Name: Rene J.
Thursday, June 06, 2002
I live in Texas where as a child I grew up collecting the
outer skins of June bugs. I would find their "skins" on the bark of the
trees surrounding our house. The bugs that I'm talking about are about an
inch in length and their coloring is brown. They have a hard shell like
skin. They also can fly.
I was told by someone that June bugs don't shed their skin. Am I right in
what I am calling these bugs, and that they do shed an outer layer of skin
when they are in their complete adult stage?
The insects I called June bugs when I was little are beetles. The insects
you are describing sound like cicadas, which live most of their lives
underground, then climb up the trunks of trees to shed their juvenile skin
and emerge as winged adults.
However, I am not an entomologist, and I do not know the proper names for any
of these creatures. Your question illustrates exactly the reason that
scientists use specific taxonomic names for species, so that there is no
question what they are talking about.
Richard E. Barrans Jr., Ph.D.
PG Research Foundation, Darien, Illinois
You may wish to try the following site, which serves as a general reference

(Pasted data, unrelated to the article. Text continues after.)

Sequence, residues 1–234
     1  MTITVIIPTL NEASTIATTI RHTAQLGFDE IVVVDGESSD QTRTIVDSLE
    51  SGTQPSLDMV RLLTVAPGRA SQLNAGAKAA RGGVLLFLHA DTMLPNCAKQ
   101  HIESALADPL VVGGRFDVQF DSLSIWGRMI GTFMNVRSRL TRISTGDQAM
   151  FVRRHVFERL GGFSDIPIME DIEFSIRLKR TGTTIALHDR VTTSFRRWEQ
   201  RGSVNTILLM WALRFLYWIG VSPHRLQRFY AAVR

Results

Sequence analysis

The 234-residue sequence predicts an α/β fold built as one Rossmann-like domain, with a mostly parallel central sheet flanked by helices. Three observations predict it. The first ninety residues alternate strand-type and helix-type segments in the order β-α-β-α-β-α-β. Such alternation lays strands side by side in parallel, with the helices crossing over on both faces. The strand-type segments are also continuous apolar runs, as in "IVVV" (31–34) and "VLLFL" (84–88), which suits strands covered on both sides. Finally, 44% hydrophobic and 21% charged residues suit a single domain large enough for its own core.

for plants and animals.
It is also a good place for plant and animal taxonomy.
---Nathan A. Unterman
First of all, June Bugs are not "bugs" by definition, they are beetles!
Secondly, you have confused the life cycle of this insect. This insect
goes through complete metamorphosis. It startes out as an egg, hatches into
a larvae, grows into the pupa stage, craws up a tree and emerges as an adult
breaking out of the pupa exoskeleton. The skin you found on tree barks is
the outer covering of the pupa stage. The adult breaks out of this pupa
exoskeleton to fly and mate. Mating is the sole purpose of the adult stage.
Once the adult has emerged, it does not shed any outer exoskeleton. The
outer skins you collected did not show any indication of having wings.
Wings are found only on the adults.
June "bugs" are beetles in the insect order Coleoptera; true bugs are in the
order Hemiptera. Beetles undergo complete metamorphosis, changing from
larvae to pupae to adults, and the adults do not shed their skin. However it
is common to find dead adults in the summer, and the hard outer shells may
persist after the soft parts are scavenged or decay.
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Update: June 2012